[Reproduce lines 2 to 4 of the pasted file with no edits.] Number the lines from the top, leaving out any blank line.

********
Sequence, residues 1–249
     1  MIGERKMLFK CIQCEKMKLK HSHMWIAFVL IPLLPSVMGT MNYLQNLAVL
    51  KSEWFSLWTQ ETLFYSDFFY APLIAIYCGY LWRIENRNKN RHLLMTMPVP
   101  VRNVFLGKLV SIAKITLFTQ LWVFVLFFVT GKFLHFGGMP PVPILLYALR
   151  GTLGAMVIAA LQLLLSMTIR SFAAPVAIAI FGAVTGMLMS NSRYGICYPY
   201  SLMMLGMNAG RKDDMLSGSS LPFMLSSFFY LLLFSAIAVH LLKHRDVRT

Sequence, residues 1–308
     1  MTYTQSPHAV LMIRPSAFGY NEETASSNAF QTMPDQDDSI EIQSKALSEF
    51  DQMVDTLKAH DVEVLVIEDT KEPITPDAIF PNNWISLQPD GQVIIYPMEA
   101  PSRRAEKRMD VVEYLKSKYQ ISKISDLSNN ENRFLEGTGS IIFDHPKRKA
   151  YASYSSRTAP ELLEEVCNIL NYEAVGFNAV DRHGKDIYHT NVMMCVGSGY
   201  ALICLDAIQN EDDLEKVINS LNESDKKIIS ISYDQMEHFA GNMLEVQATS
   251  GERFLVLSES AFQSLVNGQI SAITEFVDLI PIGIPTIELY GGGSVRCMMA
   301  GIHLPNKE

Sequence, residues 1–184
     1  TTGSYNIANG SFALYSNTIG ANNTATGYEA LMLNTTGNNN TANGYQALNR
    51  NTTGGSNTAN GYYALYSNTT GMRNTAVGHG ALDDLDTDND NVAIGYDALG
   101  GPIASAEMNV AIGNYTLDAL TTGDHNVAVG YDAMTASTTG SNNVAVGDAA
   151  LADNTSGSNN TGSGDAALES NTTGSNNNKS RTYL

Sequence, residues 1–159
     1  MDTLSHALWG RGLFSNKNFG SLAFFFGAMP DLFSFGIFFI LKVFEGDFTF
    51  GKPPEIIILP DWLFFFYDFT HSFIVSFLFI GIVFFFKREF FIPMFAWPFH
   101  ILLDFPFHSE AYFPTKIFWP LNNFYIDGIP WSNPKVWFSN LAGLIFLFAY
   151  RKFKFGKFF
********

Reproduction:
     1  MIGERKMLFK CIQCEKMKLK HSHMWIAFVL IPLLPSVMGT MNYLQNLAVL
    51  KSEWFSLWTQ ETLFYSDFFY APLIAIYCGY LWRIENRNKN RHLLMTMPVP
   101  VRNVFLGKLV SIAKITLFTQ LWVFVLFFVT GKFLHFGGMP PVPILLYALR